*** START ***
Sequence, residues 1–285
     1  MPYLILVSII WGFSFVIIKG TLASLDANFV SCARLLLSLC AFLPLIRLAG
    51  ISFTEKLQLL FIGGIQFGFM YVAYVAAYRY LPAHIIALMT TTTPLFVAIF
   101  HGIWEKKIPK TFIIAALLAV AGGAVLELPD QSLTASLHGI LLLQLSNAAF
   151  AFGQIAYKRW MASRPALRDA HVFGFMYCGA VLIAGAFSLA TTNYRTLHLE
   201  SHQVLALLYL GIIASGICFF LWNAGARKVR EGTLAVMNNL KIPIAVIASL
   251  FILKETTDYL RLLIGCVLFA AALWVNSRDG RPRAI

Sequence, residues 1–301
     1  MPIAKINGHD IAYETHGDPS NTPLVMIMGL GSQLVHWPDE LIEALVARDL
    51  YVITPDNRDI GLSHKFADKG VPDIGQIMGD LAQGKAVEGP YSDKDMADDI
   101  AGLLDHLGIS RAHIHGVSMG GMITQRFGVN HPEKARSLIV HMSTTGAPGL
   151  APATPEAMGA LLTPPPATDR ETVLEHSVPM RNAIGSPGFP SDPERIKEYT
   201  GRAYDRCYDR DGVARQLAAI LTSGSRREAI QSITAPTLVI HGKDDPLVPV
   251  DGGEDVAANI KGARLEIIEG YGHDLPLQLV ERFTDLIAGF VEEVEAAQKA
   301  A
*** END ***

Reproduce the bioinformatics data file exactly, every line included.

Sequence, residues 1–285
     1  MPYLILVSII WGFSFVIIKG TLASLDANFV SCARLLLSLC AFLPLIRLAG
    51  ISFTEKLQLL FIGGIQFGFM YVAYVAAYRY LPAHIIALMT TTTPLFVAIF
   101  HGIWEKKIPK TFIIAALLAV AGGAVLELPD QSLTASLHGI LLLQLSNAAF
   151  AFGQIAYKRW MASRPALRDA HVFGFMYCGA VLIAGAFSLA TTNYRTLHLE
   201  SHQVLALLYL GIIASGICFF LWNAGARKVR EGTLAVMNNL KIPIAVIASL
   251  FILKETTDYL RLLIGCVLFA AALWVNSRDG RPRAI

Sequence, residues 1–301
     1  MPIAKINGHD IAYETHGDPS NTPLVMIMGL GSQLVHWPDE LIEALVARDL
    51  YVITPDNRDI GLSHKFADKG VPDIGQIMGD LAQGKAVEGP YSDKDMADDI
   101  AGLLDHLGIS RAHIHGVSMG GMITQRFGVN HPEKARSLIV HMSTTGAPGL
   151  APATPEAMGA LLTPPPATDR ETVLEHSVPM RNAIGSPGFP SDPERIKEYT
   201  GRAYDRCYDR DGVARQLAAI LTSGSRREAI QSITAPTLVI HGKDDPLVPV
   251  DGGEDVAANI KGARLEIIEG YGHDLPLQLV ERFTDLIAGF VEEVEAAQKA
   301  A